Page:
What is a double VPN (Virtual Private Network)? A double VPN connects your computer through two different private servers.
The name makes it sound like it’s twice as safe and secure as a “regular” VPN, but is that really the case?
If you’re still confused about what exactly it all means, you’re in luck, as we’re going to cover that in-depth in this post.
Learn exactly what a double VPN is, how it works, why you should care, whether it’s necessary for you, and which top VPN providers offer the option of a double VPN.
What is double VPN (or multi-hop VPN)? And how does it work
Double VPN, also known as multi-hop, is a VPN security feature that routes your web traffic, not through one secure server, but two.
With a regular VPN, you connect to the internet through an intermediary server. The connection is encrypted, so your ISP can only see that you’re transferring data to and from a VPN, not what you’re doing online.
With a double VPN, you add an extra layer of encryption by adding another server to that connection. So instead of directly connecting to the internet via a VPN, there’s now another server in between — an extra degree of separation.
That means the second server that does the accessing of actual website (or peer-to-peer) traffic doesn’t know your original IP address.
Essentially, even the VPN providers involved in the connection can’t see or log (which they typically don’t anyway) what you’re doing online.
Some VPN providers offer this as a specific feature, automatically routing your connection through two or more servers.
If your VPN doesn’t support this, you can also set it up by utilizing your router and a desktop VPN app separately. (We’ll explain more about this later.)
The benefits of using a double VPN
The main benefit of using a double VPN is an enhanced level of privacy and security. If you need to be as close to 100% anonymous as possible, it’s a great place to start.
Double VPNs provide you with:
- Privacy: No ISP or government can break through two encrypted connections to see what you’re getting up to online. The only exception would be if your hardware is outfitted with a tracker at the router level. In that case, it might see which connections you make, but not the actual data.
- Security: With a doubly encrypted connection and a completely hidden IP address, you won’t be the target of any malicious attacks, even if you’re torrenting a public file as part of a large “swarm.”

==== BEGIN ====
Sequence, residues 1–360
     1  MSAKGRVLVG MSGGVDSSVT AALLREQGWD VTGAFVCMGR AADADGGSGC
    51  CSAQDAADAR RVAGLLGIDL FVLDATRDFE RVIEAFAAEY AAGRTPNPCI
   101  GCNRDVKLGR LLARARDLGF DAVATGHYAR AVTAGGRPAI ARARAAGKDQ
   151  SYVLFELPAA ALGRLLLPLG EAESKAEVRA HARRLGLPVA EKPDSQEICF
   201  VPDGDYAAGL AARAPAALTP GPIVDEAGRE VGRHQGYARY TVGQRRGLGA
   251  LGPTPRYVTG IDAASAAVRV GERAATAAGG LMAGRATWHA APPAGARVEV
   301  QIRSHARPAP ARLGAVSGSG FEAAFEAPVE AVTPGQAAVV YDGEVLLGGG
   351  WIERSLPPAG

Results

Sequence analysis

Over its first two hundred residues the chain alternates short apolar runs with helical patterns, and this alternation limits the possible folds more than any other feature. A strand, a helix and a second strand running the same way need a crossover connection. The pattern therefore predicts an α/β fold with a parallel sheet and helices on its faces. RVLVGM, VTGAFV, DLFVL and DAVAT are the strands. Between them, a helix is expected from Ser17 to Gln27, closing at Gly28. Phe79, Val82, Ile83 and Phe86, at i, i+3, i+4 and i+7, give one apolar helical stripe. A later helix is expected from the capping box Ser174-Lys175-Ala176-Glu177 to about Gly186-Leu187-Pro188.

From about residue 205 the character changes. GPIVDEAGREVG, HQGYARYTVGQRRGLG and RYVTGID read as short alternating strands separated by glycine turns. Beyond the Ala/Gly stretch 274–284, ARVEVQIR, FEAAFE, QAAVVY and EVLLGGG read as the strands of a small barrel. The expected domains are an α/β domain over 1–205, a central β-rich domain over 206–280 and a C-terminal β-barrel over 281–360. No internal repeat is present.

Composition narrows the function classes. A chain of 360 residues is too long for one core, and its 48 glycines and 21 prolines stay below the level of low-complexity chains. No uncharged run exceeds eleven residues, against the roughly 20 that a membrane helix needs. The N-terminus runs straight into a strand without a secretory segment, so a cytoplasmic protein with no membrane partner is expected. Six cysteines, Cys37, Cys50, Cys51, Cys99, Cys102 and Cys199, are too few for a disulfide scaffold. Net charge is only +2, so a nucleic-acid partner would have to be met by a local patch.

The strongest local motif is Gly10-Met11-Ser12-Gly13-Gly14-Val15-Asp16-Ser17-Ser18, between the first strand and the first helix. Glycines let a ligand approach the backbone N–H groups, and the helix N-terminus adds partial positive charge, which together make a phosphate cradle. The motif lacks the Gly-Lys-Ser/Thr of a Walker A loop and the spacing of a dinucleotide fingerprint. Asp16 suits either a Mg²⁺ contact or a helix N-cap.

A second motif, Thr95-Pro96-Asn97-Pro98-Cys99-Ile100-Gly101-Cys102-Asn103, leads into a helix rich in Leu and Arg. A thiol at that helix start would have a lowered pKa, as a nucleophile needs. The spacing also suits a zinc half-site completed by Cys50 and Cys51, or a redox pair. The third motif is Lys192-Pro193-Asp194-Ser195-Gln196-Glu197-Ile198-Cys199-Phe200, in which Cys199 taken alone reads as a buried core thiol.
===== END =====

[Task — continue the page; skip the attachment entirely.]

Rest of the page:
- Anonymity: Neither the sites you access nor your ISP will have any way to pinpoint your identity.
Plus, you also get the benefits of a regular VPN, which include:
- Hidden geolocation (on computers): On laptops or other computers, websites and companies use your IP address to pinpoint your location. With a VPN enabled, your location is hidden. The company will think you are somewhere else. (On smartphones, you also need to turn off location services like phone service and GPS-based tracking.)
- Bypass blockers and filters: Whether at the router level (like your company wifi) or a country-wide ban on certain sites, you’ll be able to get around those blocks with ease.
A regular VPN connection is already encrypted and secure. It’s a way to win back some privacy online.
A double VPN takes that to the extreme, almost completely covering your tracks online. But of course, it’s not all sunshine and rainbows.
There are some downsides to using a double VPN feature (or setting it up yourself).
Cons of using a double VPN
Of course, there are a few drawbacks to using a double VPN service, such as:
- Significantly slower connection speeds: with an added server in between, you get added latency and an overall slower connection.
- Added costs (if you use two different providers): if you want to configure VPNs from two different providers, this will obviously cost more, as you have to pay for two subscriptions.
- Unnecessary level of security for most users: outside of a few specific use cases, a double VPN just isn’t necessary.
Since you are connecting to two servers (even if you use the setup from a VPN provider instead of configuring it yourself), the connection can be quite slow.
It makes sense, as you have to communicate with an extra server before reaching your final destination.
A double VPN is not a great option if all you want to do is unblock a website or your home country’s streaming content.
Can you set up your own double VPN?
Yes, it’s actually possible to set up a double VPN even if your VPN provider doesn’t offer the feature specifically.
You can do this by setting up one VPN server on your router and using another VPN on the computer level.
This will also add two degrees of separation between you and the final website you visit. Plus, although most VPNs — at least the ones we recommend — don’t actively track your online activity, by doubling up, there would be no way for anyone to log the original IP address to its final destination.
The other option is setting up a virtual machine, then using one app on your computer and one VPN on the virtual machine. The end result is the same.
By using two providers, you protect yourself in case of operators working in bad faith.
For most people, is this a required level of anonymity and security, though? Not so much. Let’s take a look at who might need double VPN encryption and who can get away with using a regular VPN.
Who needs double VPN encryption?
You only need a double VPN if you have a real reason to maintain your anonymity or protect the identity of someone with who you interact with.
Activists and journalists
Depending on the country you’re in and the cases you’re investigating, anonymity could be vital for journalists and their sources.